Skip the alcohol and choose this instead!

  • Mix club soda with bitters and lime, mimicking the bitterness and fizz of beer.
  • Make a mocktail. Try some of these healthy mocktail recipes.
  • Try Kombucha. A naturally carbonated drink with trace amounts of alcohol (<0.5%). The sharp taste of kombucha mimics that of alcohol. It also contains beneficial bacteria that promote diverse gut microbiome.


Cigarette smoke contains more than 7,000 chemical compounds. Many of which interfere with the immune system. According to the Center for Disease Control and Prevention, smokers’ overall health is worse and are sick more often than non-smokers. Smoking harms the immune system and makes the body less successful at fighting disease, especially viral and bacterial infections of the lung like pneumonia, influenza, and tuberculosis (12).

Tips for quitting smoking:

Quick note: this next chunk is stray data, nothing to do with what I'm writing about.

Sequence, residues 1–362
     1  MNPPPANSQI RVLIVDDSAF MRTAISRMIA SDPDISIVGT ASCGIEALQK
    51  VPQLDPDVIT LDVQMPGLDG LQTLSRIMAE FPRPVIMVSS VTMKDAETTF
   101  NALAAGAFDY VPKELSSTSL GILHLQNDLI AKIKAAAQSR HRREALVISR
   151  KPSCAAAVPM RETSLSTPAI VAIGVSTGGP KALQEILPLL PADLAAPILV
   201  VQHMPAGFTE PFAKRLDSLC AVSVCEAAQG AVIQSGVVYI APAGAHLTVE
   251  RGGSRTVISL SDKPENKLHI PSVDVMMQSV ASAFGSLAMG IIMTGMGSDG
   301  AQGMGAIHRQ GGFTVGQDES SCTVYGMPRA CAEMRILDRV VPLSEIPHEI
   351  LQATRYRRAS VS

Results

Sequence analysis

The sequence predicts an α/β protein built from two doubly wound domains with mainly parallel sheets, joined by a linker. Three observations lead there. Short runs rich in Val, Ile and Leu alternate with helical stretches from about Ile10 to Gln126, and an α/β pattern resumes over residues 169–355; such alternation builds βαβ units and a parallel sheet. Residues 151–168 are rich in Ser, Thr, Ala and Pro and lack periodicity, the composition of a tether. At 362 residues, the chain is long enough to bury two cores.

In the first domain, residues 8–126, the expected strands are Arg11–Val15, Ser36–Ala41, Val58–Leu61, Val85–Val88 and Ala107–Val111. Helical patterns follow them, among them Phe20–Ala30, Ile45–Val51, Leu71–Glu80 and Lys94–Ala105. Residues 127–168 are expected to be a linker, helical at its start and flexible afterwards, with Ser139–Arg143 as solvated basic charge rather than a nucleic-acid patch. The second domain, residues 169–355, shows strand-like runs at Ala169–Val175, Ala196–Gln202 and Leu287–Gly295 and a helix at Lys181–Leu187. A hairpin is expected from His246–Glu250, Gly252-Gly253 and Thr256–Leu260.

• Seek support through a therapist or your health care provider.
  • Get advice from friends and family that have experience with quitting smoking.
  • Try nicotine patches or nicotine gum.
  • Curb cravings through exercise.

Protective measures against COVID-19

With these effective immune-boosting strategies in place, you may reduce your risks of contracting an infection. Nevertheless, it is imperative to practice these protective measures against COVID-19.

SOCIAL DISTANCING. Limit close contact with others. Keep a two-meter (or six feet) distance from one another.

REGULAR HAND-WASHING. Wash your hands for at least 20 seconds using soap and water; this is the single most effective way of reducing the spread of infection.

DISINFECT OFTEN. Regularly clean and disinfect frequently touched surfaces such as doorknobs, handles (toilet, car, fridge), cellphones, remote control, computer keyboard, counters, tabletops, bedside tables, and light switches.

BE MINDFUL.  Avoid touching your face, eyes, nose, or mouth with unwashed hands.

AVOID TRANSMISSION. Cover your mouth and nose with a disposable tissue or the crease of your elbow when you sneeze or cough.

For more information on how to stay healthy and prevent the spread of COVID-19, visit the Government of Canada’s COVID-19 guidelines.